I know, I know, the platformer genre's been done to death. Yet I'm encouraging it.
But: I'm not encouraging making something derivative. There are plenty of unique spins
on this genre. And as with any genre, try looking at the history and standout examples of the genre. Many of them add puzzles, many are combat-focused. Some are 2D, others 3D.
That makes an important point - mixing and matching elements in unexpected ways,
is useful for finding something creative and different! Indeed, one could argue that recombination of existing stuff *is* creativity, and the trick is having the intuition to choose which combinations will be interesting and enjoyable and which won't.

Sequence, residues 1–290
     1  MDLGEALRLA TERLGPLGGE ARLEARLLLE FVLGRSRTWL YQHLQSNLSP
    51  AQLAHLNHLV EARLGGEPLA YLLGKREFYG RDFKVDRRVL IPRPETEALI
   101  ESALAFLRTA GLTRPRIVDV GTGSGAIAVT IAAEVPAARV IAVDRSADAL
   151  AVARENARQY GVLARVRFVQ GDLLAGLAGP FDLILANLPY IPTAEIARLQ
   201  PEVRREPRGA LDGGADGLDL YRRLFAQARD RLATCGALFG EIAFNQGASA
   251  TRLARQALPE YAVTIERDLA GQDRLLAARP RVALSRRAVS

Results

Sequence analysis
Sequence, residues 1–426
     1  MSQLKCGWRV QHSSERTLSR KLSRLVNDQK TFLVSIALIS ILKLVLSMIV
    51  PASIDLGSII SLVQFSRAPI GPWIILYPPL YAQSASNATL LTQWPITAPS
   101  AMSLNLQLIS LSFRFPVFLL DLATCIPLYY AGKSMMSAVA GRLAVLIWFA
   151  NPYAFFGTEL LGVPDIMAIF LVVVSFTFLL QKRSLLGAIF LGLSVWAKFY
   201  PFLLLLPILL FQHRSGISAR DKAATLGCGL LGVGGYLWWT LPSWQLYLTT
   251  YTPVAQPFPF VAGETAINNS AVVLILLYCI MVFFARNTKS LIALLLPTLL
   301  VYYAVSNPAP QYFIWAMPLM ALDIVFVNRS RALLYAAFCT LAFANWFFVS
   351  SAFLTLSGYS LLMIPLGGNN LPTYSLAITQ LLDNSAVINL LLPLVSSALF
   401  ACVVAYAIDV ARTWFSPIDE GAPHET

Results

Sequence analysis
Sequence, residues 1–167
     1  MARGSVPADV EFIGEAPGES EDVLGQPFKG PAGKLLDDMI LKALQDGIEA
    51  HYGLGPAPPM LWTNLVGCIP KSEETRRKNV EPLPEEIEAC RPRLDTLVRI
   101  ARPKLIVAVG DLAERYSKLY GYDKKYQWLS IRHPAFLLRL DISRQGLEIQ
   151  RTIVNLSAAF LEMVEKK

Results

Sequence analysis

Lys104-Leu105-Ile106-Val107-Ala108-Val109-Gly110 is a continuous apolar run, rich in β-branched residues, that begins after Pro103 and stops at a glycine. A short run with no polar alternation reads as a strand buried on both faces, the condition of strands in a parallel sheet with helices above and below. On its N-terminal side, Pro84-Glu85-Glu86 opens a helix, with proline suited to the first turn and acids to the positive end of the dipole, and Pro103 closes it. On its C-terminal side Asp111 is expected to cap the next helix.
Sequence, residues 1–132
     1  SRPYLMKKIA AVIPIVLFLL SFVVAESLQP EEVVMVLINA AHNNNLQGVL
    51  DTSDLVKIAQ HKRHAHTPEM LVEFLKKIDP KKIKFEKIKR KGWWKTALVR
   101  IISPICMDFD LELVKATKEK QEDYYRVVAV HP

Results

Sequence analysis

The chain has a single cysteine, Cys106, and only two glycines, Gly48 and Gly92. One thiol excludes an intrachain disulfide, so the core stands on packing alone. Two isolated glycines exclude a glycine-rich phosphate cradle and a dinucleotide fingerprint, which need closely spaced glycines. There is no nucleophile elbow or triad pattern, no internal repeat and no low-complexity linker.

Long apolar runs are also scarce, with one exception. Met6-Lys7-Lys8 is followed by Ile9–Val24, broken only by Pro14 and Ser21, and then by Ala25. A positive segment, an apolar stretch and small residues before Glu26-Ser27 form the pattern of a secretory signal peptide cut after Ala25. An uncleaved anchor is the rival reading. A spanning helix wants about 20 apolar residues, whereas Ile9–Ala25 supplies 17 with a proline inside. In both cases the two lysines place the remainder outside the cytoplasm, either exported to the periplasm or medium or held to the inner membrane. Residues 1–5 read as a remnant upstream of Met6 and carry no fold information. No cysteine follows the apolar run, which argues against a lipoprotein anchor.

Often getting a handle on genre possibilities involves, guess what, playing games. 

So here are some outstanding modern examples of 'platformer design':
-"Psychonauts" has a great art style and many wildly creative ideas.
-"Portal" uses spatial manipulation in 3D very cleverly, as doe sthe 2011 sequel.
-"Fez" uses spatial compression very inventively as a mechanic.
-"Braid" does some really ingenious stuff with time manipulation.
-"The Bridge" uses gravity rotation mechanics inventively.
-'Mark of the Ninja" is a masterclass in stealth platformer design.
-"Super Meat Boy" is, unlike some others here, not puzzle-based but does some absolutely tense action stuff with unique abilities and obstacles.
"Mirror's Edge" takes inspiration from parkour in urban settings.
-"Darq" is a creepy and very recent indie platformer which also is very cool.